MANHATTAN (CN) — London’s National Gallery need not deliver Henri Matisse’s 1908 oil painting “Portrait of Greta Moll” to Moll’s heirs, whose lawsuit failed at every point, a federal judge ruled, dismissing it with prejudice.
Margarete Moll’s relatives sued the National Gallery of Art one year ago, claiming they lost the painting during the Allied occupation of Germany in World War II.
But U.S. District Judge Valerie Caproni ruled that plaintiffs Oliver Williams et al. failed to establish jurisdiction under the Foreign Sovereign Immunities Act, failed to establish that there had been an illegal taking, and that “even if plaintiffs could allege such facts, their claims are time-barred.”
Greta Moll and her husband Oskar were students of Matisse’s, Caproni wrote in the summary of her Sept. 21 ruling. They bought the painting from him after Oskar commissioned it. The order traces the provenance and loss of the painting in the years after World War II, when the Molls moved from Berlin to Wales. First, Greta sent the painting with one of her own pupils to Switzerland for safekeeping, but the student stole the painting or sold it, according to the ruling. The Knoedler Gallery in New York bought it in 1949 and sold it to a Texan, who sold it to a collector in Switzerland, who sold it to a London gallery, which sold it to the National Gallery in 1979, two years after Greta had died.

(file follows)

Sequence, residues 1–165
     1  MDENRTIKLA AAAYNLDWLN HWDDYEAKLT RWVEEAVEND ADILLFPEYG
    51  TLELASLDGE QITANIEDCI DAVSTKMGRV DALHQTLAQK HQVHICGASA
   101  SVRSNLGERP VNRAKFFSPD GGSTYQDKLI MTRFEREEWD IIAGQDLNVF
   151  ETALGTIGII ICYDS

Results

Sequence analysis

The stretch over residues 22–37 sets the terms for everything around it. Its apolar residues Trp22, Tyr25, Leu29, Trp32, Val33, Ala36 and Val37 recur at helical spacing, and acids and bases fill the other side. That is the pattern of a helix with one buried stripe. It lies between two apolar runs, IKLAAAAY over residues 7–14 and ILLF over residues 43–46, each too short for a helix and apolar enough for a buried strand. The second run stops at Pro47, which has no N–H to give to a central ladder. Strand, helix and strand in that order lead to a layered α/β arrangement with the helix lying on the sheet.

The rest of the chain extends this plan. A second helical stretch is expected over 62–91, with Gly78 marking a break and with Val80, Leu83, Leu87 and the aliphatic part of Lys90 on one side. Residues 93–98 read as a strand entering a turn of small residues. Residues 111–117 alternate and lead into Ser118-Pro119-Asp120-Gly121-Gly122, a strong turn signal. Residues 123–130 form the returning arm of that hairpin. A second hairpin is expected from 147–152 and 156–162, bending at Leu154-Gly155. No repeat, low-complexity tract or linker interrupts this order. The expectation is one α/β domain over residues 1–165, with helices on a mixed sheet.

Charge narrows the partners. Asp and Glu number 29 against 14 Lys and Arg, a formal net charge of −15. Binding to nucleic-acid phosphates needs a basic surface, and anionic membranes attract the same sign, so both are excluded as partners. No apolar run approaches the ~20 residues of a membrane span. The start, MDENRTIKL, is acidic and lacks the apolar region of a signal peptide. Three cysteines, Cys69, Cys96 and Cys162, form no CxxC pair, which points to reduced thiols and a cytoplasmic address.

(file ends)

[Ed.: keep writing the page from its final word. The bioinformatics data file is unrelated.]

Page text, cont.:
The plaintiffs claim that Knoedler lacked good title.
But in dismissing, Caproni ruled, “there has been no taking in violation of international law as required by FSIA [the Foreign Sovereign Immunities Act], and the court does not have jurisdiction over the National Gallery and Great Britain pursuant to FSIA’s expropriation exception.”
Nor does it matter, Caproni wrote, “whether the National Gallery profited from any catalogues sold that included images of the painting or from the loan of the painting may be relevant to determining disgorgement for plaintiffs’ unjust enrichment claim, but the amount of any required disgorgement is ancillary to the primary issue — whether plaintiffs have superior title to the painting.”
Among other things, the judge wrote: “There is also no question that plaintiffs inexcusably delayed taking action to recover the painting. Plaintiffs have known for decades that the National Gallery possessed the painting. As explained above, plaintiffs’ ancestor acknowledged that she learned that the painting was at the National Gallery as of the late 1970s or early 1980s.”
The plaintiffs were represented by Edward Kelly with Tiajoloff & Kelly in New York City, who did not immediately respond to a request for comment.